History of the Bossom apple
The last known tree growing in the garden of Miss Scott of Graffham blew down in the gale of 1986. On hearing of the damage to the tree, the Rev. Donald Johnson and Lady Caroline Egremont took graft material from the fallen tree and distributed it to the National Fruit Collection at Brogdale and later to the nurseries of Frank Matthews who propagated it for West Dean gardens.
It is currently cultivated as part of Brighton Permaculture Trust’s National Collection in Stanmer Park, Brighton. You can see a Bossom apple tree (planted 2011) in Home Farm Orchard, Stanmer Park ( map).
Description of fruit
The apple is probably the variety described by Robert Hogg in 1851 and raised at Petworth House by Lord Egremont and his head gardener Mr Slade.
“Fruit large and conical, handsomely and regularly formed. Skin, pale greenish yellow, considerably covered with russet and occasionally marked with bright red next the sun. Flesh yellowish white, tender, crisp, juicy and sugary with a pleasant sub-acid flavour.”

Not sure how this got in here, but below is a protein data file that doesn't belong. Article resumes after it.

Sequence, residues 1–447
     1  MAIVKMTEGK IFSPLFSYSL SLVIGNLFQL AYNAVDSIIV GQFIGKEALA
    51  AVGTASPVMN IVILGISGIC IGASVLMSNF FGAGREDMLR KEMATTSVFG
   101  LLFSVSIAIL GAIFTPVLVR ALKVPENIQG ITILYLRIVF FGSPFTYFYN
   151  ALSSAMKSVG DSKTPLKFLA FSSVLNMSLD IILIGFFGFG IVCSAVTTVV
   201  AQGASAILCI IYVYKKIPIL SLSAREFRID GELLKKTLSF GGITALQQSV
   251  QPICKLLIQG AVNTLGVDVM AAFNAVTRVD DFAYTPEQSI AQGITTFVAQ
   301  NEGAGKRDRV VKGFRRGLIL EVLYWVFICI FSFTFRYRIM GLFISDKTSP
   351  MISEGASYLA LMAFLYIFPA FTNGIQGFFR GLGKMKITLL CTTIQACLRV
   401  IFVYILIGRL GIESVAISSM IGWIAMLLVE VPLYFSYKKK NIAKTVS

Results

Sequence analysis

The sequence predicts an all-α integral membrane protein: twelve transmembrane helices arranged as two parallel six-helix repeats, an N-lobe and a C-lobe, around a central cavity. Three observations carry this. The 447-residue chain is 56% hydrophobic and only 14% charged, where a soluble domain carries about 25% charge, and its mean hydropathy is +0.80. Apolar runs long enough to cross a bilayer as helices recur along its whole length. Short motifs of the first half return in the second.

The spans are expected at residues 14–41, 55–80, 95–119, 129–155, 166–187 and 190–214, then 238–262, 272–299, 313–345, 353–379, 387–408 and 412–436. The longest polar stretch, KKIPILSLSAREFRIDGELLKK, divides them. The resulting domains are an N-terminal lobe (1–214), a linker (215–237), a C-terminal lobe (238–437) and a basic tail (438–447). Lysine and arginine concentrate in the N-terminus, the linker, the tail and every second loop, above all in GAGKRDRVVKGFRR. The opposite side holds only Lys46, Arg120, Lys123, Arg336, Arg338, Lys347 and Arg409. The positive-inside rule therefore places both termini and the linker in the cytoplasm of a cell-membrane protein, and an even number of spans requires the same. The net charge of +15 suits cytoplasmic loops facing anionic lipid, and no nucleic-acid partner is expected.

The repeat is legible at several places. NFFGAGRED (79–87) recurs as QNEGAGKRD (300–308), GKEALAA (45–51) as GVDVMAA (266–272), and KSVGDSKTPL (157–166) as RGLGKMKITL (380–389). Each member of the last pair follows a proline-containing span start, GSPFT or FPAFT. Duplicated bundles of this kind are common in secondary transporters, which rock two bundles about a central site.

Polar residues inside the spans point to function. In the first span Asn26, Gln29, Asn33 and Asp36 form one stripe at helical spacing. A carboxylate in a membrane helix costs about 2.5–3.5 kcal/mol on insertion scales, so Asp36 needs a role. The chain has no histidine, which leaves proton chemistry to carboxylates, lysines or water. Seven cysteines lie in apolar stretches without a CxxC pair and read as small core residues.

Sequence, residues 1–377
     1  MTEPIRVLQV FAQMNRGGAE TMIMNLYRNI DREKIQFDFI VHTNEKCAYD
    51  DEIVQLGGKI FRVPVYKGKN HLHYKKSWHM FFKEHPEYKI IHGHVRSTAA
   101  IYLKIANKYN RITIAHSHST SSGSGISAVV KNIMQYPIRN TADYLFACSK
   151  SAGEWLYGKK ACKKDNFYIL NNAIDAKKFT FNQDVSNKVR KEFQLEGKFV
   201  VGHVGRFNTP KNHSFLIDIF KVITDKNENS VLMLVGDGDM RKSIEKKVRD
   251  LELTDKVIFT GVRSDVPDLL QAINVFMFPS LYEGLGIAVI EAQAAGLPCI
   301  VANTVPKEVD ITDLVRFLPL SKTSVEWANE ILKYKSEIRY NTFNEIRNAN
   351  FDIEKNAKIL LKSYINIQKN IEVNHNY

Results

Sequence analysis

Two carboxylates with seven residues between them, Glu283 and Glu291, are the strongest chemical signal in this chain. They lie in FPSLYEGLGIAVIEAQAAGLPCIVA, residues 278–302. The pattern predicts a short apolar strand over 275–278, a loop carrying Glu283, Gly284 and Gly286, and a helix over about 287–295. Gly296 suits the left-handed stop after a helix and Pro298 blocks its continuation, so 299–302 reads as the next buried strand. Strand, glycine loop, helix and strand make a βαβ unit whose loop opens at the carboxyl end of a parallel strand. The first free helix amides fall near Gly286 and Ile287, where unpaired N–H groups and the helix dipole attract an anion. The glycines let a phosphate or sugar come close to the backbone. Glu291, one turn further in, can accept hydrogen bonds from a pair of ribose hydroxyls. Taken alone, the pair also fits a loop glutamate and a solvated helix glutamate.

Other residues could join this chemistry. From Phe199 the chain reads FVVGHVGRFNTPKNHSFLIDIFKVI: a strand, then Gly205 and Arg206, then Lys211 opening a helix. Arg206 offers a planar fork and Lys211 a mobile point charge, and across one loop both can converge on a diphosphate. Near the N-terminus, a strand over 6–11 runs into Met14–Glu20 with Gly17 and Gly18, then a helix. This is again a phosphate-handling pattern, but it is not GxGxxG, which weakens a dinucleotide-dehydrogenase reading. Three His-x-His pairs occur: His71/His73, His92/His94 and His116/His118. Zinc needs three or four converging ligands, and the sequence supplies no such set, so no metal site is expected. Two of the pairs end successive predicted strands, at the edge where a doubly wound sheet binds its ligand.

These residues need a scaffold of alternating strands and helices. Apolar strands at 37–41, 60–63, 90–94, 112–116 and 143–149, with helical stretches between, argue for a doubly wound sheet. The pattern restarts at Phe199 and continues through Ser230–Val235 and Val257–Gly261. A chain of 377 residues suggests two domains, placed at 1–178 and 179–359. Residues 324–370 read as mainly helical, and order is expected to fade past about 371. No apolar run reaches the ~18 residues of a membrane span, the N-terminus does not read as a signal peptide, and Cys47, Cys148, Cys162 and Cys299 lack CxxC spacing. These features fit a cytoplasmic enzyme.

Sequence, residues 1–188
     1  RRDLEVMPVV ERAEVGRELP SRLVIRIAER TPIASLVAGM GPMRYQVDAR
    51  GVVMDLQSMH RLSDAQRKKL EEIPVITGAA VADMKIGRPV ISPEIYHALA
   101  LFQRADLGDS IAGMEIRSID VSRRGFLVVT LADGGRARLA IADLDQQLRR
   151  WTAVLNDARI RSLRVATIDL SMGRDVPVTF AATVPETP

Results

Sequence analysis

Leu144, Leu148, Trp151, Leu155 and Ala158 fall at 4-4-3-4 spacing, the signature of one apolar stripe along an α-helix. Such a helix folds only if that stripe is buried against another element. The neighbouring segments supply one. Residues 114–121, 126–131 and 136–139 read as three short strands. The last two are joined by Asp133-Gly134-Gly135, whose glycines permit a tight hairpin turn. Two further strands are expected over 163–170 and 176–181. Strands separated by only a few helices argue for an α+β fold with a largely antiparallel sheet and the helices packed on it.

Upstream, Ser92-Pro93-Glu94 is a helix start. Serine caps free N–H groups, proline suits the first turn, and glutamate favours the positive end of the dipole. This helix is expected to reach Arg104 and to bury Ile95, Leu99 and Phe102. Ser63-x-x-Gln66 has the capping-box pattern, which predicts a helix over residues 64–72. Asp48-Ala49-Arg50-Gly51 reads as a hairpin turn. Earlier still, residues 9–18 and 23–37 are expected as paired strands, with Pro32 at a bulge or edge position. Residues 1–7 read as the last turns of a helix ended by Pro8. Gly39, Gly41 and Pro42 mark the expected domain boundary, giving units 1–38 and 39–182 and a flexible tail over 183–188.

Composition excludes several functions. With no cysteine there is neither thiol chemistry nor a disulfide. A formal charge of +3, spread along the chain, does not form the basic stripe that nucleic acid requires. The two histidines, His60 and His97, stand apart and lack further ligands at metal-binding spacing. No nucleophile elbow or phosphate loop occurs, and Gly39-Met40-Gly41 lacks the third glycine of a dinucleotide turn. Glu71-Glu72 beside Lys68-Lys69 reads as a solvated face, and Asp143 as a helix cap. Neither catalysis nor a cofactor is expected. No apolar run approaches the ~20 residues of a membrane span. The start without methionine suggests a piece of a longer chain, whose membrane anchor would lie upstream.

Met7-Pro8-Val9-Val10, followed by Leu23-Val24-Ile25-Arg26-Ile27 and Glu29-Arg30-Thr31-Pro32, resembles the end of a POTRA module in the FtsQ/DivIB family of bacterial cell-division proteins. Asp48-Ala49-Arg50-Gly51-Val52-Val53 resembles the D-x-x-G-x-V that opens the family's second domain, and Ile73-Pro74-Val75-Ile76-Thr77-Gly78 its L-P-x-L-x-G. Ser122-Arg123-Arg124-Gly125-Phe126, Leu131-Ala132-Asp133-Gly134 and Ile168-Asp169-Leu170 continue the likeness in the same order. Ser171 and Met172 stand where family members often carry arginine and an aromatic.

Form also exists with less russetting and more rounded shape (Johnson 2008).
Season of use
The fruit ripens in early October and can be stored until January.
The tree grows vigorously with upright growth.
Flowering and pollination
Flowering day: F12
How to identify a Bossom apple
Apples can be identified by sending them to the National Fruit Collection at Brogdale or by bringing a sample to Apple Day Brighton, where an expert pomologist will be on hand to identify apples. From each tree, bring three or more ripe fruits and a shoot with representative leaves.
Where to buy a Bossom apple tree
Please contact us for details of our supplier for Sussex apple varieties.